Two possible solutions can be attempted:
To go for a shift system by well established schools. With the first shift from 0730 hrs to 1230 hrs, the second from 1300 hrs to 1800 hrs. This can result in doubling the seats offered. Of course this
will call for much greater attention for getting trained quality teachers.
The second option lies in upgrading the quality of around 300 schools run by the Corporation of Chennai and the dozens of government run schools. Until about the 1960s these schools imparted quality education and recorded very high percentage of passes. Management guru C K Prahalad was a product of a corporation school at Nungambakkam.
These schools are endowed with infrastructure in the form of land and buildings. Unfortunately these schools are not maintained well and the quality of education imparted by them has deteriorated dramatically over the years. Little wonder that there has also been a corresponding fall in demand.
The PPP mode will help...
There is good potential in developing this rich infrastructure into high quality community schools by adopting the public-private - participation mode. The Jayalalithaa government has an impressive vision for the state for 2023. Its success is predicated upon the state turning out quality man power which in turn depends upon high quality education and training.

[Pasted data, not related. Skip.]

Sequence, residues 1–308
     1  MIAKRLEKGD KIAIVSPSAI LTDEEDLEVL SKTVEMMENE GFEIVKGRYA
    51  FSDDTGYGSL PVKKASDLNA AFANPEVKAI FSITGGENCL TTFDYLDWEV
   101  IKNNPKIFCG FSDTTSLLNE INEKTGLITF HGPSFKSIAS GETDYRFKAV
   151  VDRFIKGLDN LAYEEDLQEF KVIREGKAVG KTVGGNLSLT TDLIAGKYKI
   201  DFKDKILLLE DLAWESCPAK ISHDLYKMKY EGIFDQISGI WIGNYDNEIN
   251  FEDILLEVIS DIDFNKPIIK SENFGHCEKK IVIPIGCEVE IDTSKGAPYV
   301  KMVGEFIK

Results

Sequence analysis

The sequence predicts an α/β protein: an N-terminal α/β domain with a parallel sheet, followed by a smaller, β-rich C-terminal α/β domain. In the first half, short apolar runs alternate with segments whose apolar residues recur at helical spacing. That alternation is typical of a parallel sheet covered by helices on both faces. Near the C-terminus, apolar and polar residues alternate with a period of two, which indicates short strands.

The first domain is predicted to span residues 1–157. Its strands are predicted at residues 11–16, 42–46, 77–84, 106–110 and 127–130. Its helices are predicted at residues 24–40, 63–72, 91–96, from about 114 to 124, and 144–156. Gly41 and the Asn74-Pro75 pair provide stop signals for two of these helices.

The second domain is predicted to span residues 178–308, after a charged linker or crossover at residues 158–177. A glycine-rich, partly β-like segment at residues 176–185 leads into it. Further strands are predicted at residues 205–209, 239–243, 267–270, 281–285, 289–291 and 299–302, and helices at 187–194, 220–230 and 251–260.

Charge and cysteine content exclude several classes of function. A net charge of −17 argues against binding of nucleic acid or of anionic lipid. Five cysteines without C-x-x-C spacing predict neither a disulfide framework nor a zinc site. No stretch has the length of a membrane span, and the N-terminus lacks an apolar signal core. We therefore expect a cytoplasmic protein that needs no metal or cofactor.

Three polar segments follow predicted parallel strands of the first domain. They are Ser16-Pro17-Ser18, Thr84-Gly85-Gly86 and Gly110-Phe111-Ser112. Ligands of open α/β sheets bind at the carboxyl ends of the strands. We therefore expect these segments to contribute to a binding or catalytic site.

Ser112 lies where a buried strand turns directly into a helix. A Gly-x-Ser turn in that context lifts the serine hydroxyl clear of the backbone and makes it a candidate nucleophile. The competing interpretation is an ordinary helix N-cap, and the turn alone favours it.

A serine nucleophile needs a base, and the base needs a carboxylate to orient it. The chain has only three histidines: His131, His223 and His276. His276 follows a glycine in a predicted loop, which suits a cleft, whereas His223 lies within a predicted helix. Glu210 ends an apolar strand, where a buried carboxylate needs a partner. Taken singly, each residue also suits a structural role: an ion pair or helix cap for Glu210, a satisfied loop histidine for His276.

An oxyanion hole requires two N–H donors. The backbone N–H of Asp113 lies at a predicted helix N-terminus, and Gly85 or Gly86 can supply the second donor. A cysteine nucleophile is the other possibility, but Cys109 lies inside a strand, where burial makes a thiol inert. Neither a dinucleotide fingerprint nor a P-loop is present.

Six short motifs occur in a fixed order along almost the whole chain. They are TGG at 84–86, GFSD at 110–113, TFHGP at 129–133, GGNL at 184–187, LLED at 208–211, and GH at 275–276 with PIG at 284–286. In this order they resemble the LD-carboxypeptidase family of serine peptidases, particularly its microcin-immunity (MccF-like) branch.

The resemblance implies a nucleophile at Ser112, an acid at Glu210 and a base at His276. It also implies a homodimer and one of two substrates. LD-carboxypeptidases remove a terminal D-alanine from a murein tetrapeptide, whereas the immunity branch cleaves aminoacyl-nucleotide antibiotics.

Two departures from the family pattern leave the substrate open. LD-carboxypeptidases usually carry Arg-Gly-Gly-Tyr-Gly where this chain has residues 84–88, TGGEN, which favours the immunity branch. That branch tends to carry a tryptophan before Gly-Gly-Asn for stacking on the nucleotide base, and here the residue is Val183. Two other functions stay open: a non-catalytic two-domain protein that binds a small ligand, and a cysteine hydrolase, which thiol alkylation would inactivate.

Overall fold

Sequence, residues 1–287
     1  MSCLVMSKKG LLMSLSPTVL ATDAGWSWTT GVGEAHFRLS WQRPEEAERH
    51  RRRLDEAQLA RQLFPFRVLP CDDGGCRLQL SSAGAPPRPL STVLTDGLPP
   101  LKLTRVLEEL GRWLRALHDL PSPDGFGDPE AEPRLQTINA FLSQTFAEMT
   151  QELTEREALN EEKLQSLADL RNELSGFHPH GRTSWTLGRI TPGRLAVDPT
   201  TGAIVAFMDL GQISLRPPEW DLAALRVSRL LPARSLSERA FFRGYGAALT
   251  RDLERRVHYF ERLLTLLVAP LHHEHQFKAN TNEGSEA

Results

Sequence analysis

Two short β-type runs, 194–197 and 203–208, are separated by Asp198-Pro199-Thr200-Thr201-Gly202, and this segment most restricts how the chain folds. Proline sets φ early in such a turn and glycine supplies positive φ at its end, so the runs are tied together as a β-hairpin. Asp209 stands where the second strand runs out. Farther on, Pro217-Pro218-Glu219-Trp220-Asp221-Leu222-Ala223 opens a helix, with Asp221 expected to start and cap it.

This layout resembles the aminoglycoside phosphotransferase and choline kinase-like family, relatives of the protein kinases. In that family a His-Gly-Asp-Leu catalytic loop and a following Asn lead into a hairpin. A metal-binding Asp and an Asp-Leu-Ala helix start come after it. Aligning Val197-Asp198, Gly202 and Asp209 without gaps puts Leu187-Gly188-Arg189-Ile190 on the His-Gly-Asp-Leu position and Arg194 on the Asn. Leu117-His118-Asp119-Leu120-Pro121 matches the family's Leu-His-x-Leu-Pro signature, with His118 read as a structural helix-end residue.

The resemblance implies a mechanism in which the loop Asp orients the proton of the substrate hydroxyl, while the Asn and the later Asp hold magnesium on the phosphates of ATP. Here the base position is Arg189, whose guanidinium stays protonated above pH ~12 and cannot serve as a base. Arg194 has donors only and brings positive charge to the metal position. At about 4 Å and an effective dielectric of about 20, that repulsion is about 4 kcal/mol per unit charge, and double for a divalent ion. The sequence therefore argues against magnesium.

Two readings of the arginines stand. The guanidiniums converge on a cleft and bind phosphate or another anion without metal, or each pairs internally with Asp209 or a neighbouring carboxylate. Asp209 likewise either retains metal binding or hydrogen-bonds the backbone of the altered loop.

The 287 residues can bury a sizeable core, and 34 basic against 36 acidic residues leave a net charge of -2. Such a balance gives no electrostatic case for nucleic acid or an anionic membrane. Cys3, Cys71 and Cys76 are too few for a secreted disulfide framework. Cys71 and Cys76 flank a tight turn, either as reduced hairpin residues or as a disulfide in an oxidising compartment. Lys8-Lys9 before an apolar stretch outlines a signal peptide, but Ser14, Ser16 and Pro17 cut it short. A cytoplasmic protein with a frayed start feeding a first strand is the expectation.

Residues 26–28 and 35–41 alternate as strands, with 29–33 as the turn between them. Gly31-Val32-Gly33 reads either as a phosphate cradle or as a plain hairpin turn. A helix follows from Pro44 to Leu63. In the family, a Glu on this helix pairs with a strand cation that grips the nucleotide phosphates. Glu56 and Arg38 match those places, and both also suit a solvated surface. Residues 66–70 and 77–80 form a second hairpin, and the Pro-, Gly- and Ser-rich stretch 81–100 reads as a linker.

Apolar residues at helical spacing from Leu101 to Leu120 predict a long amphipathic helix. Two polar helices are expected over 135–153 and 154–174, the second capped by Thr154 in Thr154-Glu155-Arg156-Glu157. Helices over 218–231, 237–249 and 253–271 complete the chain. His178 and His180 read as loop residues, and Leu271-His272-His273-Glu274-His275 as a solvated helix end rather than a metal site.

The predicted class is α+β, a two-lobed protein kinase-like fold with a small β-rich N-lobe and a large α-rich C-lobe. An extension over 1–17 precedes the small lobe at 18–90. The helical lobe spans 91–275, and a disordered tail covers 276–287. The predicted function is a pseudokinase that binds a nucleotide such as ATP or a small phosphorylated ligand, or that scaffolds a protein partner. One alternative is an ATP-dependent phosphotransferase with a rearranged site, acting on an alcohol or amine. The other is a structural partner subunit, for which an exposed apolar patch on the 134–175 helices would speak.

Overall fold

I suggest that the state could invite business leaders and other interested professionals to get involved in this stupendous task. The government, for instance, can invite a leading corporation/ institution to join hands with one or few schools in contiguous areas and develop these into high quality community schools. What can be more relevant to a corporate than education when it comes to Corporate Social Responsibility initiatives?
In this public private partnership (PPP) model, the infrastructure already built by the corporation/ government can be provided by the state. The corporate can take care of management. With land and building infrastructure being a major component, the resource requirements may not be large. A stipulated number, say 50 per cent of the students, can be offered education free, the balance can be levied a modest fee of upto Rs 200 per month to cover the cost of staff and other recurring expenditure. Contrast this with the present expenditure incurred of around Rs 1000 per month by an elite school; and this cost can easily be afforded by the burgeoning middle class keen to impart quality education to its children.